Lisa Lamb is professor of preaching and theology at St. Paul’s Theological College and the author of Resonate: How to Preach for Deep Connection.
Sometimes I wonder how effective sermons are. As a receiver of sermons, I probably don’t remember 99% of the sermons I’ve heard. At the same time, some sermons I’ve heard have been life-changing for me.
The question for us preachers is: How do we preach sermons that connect? Sermons that make an impact? Sermons that truly resonate?
Lisa Lamb helps us answer these questions.
THIS EPISODE'S HIGHLIGHTS INCLUDE:
- Lisa Lamb is professor of preaching and theology at St. Paul’s Theological College and other schools in Malaysia and India, and the author of Resonate: How to Preach for Deep Connection.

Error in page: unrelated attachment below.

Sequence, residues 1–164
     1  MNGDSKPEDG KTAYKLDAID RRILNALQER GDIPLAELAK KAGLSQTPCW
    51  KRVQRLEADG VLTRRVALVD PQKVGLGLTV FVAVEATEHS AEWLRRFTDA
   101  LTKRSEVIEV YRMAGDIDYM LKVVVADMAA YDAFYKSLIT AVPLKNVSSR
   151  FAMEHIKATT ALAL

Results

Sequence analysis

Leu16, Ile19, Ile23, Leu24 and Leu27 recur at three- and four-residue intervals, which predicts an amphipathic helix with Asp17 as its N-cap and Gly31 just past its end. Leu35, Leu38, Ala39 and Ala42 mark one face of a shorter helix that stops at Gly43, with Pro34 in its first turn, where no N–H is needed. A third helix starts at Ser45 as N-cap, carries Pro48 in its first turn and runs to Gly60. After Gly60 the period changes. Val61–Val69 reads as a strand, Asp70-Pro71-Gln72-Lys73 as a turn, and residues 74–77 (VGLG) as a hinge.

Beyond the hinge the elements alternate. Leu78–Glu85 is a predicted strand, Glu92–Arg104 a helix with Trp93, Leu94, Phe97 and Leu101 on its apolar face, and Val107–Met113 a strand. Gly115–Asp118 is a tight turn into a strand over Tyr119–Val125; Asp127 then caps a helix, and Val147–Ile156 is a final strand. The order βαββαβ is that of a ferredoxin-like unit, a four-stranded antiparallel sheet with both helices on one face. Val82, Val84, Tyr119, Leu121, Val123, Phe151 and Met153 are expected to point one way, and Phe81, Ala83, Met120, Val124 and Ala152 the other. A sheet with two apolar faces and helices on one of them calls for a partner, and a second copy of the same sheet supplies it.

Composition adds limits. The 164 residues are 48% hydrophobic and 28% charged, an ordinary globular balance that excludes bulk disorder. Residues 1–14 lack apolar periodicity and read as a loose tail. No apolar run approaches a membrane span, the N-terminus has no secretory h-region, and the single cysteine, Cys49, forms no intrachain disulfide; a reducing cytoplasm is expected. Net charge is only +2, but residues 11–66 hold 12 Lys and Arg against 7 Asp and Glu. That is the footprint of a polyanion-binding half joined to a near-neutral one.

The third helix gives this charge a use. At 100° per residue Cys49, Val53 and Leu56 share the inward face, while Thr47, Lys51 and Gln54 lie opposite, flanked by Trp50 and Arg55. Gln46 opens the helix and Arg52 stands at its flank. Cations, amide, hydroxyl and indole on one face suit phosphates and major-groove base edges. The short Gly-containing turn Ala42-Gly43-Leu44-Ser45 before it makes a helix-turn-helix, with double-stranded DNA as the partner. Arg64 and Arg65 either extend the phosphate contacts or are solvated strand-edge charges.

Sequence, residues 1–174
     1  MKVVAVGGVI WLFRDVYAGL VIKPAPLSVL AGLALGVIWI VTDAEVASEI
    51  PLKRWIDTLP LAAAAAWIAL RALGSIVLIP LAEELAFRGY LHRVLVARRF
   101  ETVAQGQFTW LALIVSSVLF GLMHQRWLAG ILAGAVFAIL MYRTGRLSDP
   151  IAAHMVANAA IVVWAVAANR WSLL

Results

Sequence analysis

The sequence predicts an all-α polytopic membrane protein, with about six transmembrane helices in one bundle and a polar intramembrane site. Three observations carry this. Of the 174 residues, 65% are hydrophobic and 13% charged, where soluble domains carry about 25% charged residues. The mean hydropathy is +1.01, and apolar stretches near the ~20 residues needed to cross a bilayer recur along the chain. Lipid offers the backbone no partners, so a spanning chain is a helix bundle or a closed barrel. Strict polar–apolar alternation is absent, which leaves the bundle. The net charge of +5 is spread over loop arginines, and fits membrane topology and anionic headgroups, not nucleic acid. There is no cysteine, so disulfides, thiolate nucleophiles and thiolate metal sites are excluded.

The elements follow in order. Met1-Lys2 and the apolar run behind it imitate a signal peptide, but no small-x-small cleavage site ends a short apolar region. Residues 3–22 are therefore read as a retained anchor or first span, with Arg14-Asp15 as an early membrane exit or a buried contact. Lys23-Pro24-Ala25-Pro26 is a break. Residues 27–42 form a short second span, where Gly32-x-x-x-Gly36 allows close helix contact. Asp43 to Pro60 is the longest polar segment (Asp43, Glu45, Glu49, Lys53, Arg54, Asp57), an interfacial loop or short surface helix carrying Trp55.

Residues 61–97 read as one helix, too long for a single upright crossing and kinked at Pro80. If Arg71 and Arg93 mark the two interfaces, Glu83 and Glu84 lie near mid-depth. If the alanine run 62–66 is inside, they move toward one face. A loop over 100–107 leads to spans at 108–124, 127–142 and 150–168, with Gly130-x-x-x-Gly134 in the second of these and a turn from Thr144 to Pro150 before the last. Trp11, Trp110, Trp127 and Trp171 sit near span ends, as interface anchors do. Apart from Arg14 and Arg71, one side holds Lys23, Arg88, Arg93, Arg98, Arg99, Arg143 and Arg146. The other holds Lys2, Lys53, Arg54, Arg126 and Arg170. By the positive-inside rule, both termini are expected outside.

- Lisa shares what she loves about preaching.
- The preaching framework is grounded in verbs. What kinds of verbs are being used in the sermon and in which person are they being spoken?
- Preaching in the first person singular gives the congregation a sense who the preacher is and where the preacher is coming from.
- Second person singular speech is powerful speech. It blesses and exhorts.
- Third person singular is the proclaimer. Lisa Lamb says that speaking in the third person is where we declare God’s goodness.
- Third person plural says, “These things are true.”
- Lisa Lamb explains how the past, present, and future tenses impact a sermon.
- We don’t need to hit all these aspects in every sermon. But Lisa Lamb suggests looking back over several months to see if you’ve spoken in all these ways.
- The indicative form is simply naming reality.
- The subjunctive form asks, “What if?”
- The imperative form—the command—can lead people in very life-giving ways.
- Lisa Lamb reflects on how preaching can help congregations wrestle with competing values.
RELEVANT RESOURCES AND LINKS:
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